Monday, March 11, 2013

The Borough's Burden, Part 3

According to this map from the DVRPC study, "The Mismatch Between Jobs and Housing," Pottstown has between 10 and 20 percent of its population living below the federal poverty line, just one of many indicators of the way current policies concentrate poor and needy people in the communities often least able to carry that burden.

The Weight

Welcome back.

This third installment to my potentially never-ending series of posts brings us to information that's a little closer to home -- a 2011 study by the Delaware Valley Regional Planning Commission about the "mis-match between housing and jobs."

(Sorry for all the studies folks, but experts do look at this stuff and we might as well make use of the knowledge gained as a result. Better than it just sitting on a shelf.)

This study was undertaken at the behest of the First Suburbs Project of Southeastern Pennsylvania and confirmed much of what they have argued, that government policies and economics have had the unintended consequence of concentrating poorer housing and residents in older, established communities, away from jobs that pay good salaries.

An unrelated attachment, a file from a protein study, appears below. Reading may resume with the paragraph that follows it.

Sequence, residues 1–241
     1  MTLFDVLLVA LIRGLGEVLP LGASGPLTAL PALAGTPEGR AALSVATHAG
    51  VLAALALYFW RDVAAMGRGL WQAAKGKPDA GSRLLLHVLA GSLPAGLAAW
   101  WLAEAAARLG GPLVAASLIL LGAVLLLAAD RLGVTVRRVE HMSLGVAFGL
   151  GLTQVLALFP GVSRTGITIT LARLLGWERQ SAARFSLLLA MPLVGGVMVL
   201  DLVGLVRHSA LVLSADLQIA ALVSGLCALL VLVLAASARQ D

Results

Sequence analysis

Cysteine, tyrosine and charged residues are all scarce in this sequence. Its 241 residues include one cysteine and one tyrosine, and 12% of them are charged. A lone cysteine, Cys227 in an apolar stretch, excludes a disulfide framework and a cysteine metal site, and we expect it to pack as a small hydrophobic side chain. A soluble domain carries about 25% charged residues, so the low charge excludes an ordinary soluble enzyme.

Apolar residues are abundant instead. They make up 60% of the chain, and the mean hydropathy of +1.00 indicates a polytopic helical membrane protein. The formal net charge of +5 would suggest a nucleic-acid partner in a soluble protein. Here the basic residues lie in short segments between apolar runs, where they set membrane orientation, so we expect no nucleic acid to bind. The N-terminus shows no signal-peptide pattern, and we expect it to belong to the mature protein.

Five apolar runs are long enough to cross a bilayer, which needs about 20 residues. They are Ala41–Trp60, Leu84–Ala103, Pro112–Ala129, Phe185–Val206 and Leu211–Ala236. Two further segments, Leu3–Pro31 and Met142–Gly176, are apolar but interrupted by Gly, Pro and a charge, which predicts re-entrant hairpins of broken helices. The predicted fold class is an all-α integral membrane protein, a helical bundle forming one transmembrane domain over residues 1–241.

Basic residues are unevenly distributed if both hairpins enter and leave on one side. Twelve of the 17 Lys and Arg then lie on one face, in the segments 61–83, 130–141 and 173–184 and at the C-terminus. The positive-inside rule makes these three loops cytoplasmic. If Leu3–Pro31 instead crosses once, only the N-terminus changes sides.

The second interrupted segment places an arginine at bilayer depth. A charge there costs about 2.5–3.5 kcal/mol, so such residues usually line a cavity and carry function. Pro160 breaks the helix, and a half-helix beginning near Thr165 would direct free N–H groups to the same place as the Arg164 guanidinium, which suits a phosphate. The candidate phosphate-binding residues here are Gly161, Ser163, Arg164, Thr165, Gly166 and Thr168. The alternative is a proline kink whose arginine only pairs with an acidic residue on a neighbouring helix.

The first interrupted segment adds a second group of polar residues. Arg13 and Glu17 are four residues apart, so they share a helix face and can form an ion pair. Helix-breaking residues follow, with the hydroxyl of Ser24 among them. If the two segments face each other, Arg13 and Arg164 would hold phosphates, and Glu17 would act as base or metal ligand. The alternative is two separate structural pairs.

After all, no one sets out to create the conditions under which we're now struggling. It's usually just an example of short-sighted policies and a mistaken belief, despite history's many reminders, that the good times will never end.

So I looked through this study more than  a year ago and made a set of notes in the hopes of trying to drive a larger, regional series of stories among our several newspapers that looked at these issues, and at housing authorities in particular.
Pottstown also has a higher concentration of children

living below the federal poverty line, thus requiring more
expensive services from a school system dependent on an
eroding property tax base. 

Sadly, the will, the time, the staff and the money to pay that staff never materialized to make that happen.

Luckily for you loyal reader, I rarely throw anything away (as a photo of my desk would attest) so I have it at hand for presentation here, in a somewhat less refined form.

Rather than re-write all this stuff and pretend it's all original, I have pasted relevant sections I lifted for my notes and strung them together into a kind of logical narrative.